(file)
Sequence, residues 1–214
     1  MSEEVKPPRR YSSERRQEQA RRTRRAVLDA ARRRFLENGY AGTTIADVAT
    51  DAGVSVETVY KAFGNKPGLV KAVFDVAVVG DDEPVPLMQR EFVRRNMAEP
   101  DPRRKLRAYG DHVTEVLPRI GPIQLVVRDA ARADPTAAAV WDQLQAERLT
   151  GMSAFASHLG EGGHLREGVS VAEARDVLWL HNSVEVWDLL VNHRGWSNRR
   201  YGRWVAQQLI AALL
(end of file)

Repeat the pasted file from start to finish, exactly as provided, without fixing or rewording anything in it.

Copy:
Sequence, residues 1–214
     1  MSEEVKPPRR YSSERRQEQA RRTRRAVLDA ARRRFLENGY AGTTIADVAT
    51  DAGVSVETVY KAFGNKPGLV KAVFDVAVVG DDEPVPLMQR EFVRRNMAEP
   101  DPRRKLRAYG DHVTEVLPRI GPIQLVVRDA ARADPTAAAV WDQLQAERLT
   151  GMSAFASHLG EGGHLREGVS VAEARDVLWL HNSVEVWDLL VNHRGWSNRR
   201  YGRWVAQQLI AALL